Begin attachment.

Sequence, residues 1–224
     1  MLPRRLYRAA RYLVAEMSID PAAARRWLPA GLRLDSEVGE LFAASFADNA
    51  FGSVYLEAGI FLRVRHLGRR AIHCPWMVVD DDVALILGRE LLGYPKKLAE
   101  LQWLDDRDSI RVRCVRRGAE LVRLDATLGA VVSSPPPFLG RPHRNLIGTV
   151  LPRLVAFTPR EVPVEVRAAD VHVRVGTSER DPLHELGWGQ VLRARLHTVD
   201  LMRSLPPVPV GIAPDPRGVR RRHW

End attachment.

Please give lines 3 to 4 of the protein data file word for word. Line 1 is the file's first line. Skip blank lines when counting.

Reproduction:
    51  FGSVYLEAGI FLRVRHLGRR AIHCPWMVVD DDVALILGRE LLGYPKKLAE
   101  LQWLDDRDSI RVRCVRRGAE LVRLDATLGA VVSSPPPFLG RPHRNLIGTV